Imo,that makes a lot of sense! Incidentally what do you think of the SCAR h 7.62 nato whose bolt carrier reduces recoil so effectively rapid fire is possible allowing advantages of power,accuracy and rapid fire? 2 KDF guys independently confirmed this to me.

    • peccavi says:

      I would very much put to one side the rumours and conspiracy theories unless there is definite proof.
      As far as I know, no white man has been captured in the Sambisa, even if one is captured, do they mean white as per European or Arab or Asian and is he a French soldier or government agent or a French citizen.
      Likewise every single crisis in Nigeria, there is allegedly a helicopter supporting the militants, from Fulani herdsmen to Boko Haram there is always a helicopter.
      So I take all of these with a massive pinch of salt until hard evidence comes forth. Boko Haram does not need international backers.
      I’ve not used the SCAR H, but FN makes good rifles so I wouldn’t doubt its utility.
      My view on rifles particularly in Africa is that they need to be reliable, cheap, easy to maintain and easy to use. So sophisticated rifles like the SCAR are good for SOF but for conventional forces, they are too expensive and fiddly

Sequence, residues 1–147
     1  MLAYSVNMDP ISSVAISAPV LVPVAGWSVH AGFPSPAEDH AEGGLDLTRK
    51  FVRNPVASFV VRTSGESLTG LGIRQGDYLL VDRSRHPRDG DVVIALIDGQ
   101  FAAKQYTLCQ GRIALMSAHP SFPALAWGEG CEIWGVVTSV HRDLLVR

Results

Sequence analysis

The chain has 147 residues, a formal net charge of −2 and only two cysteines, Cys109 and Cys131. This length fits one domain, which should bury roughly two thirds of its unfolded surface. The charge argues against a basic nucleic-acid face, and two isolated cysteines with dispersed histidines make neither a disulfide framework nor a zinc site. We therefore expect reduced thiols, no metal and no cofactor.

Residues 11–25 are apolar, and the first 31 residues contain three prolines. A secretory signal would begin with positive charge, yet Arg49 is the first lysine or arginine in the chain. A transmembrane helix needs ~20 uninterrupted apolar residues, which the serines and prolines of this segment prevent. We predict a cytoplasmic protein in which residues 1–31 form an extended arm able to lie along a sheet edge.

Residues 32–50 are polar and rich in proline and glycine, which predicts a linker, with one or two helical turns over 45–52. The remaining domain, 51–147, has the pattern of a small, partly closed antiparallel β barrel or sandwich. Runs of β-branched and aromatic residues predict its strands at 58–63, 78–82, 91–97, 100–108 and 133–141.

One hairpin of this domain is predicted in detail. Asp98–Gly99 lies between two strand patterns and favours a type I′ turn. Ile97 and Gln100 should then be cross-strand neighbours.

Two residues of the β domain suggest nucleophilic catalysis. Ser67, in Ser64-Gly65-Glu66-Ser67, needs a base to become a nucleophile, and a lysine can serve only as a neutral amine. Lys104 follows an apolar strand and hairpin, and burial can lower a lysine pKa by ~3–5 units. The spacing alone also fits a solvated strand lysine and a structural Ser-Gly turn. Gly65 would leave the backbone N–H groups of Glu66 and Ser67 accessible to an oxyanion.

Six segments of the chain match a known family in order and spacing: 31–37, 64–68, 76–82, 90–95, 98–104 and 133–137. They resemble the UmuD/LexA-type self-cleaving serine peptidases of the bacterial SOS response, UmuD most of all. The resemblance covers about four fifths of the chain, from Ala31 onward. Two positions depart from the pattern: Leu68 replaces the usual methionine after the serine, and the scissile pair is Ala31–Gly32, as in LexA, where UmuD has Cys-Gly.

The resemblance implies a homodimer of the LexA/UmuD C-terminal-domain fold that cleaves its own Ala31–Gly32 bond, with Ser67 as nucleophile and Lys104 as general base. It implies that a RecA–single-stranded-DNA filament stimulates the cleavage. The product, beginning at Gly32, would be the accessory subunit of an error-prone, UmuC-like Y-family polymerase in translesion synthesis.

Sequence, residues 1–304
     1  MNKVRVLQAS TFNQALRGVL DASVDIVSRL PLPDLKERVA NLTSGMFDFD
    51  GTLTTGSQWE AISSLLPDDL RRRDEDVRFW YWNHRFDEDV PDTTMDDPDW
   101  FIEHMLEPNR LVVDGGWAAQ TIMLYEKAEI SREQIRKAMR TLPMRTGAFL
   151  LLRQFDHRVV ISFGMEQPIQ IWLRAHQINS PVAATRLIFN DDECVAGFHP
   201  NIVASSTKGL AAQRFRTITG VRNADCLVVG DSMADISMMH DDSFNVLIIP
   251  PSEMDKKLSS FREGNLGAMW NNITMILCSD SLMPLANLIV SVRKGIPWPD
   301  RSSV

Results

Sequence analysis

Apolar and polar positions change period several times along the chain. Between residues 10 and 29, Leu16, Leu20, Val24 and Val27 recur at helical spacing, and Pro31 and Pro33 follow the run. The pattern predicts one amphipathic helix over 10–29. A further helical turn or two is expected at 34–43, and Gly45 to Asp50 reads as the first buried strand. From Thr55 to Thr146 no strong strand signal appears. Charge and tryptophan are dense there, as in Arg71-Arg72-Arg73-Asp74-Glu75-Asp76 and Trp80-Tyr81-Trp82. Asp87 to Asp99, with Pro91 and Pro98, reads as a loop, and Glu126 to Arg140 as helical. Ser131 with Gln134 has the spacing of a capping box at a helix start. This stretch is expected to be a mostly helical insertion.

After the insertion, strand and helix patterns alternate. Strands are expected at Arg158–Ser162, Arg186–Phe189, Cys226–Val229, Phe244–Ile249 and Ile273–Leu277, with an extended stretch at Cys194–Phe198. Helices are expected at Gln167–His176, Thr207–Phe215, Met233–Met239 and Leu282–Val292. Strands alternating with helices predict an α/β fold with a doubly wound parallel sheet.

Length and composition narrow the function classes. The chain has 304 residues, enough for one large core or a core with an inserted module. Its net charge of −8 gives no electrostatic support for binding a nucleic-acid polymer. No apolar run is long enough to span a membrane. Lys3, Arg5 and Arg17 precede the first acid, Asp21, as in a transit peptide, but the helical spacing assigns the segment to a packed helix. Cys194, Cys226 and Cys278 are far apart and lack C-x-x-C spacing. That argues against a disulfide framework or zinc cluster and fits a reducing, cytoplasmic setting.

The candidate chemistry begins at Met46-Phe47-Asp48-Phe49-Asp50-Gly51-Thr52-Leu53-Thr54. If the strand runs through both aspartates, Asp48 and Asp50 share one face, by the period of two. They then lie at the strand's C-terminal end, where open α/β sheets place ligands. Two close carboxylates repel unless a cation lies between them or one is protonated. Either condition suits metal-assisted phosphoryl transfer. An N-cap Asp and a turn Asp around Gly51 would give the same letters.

Leave a Reply

Fill in your details below or click an icon to log in: Logo

You are commenting using your account. Log Out /  Change )

Google photo

You are commenting using your Google account. Log Out /  Change )

Twitter picture

You are commenting using your Twitter account. Log Out /  Change )

Facebook photo

You are commenting using your Facebook account. Log Out /  Change )

Connecting to %s

This site uses Akismet to reduce spam. Learn how your comment data is processed.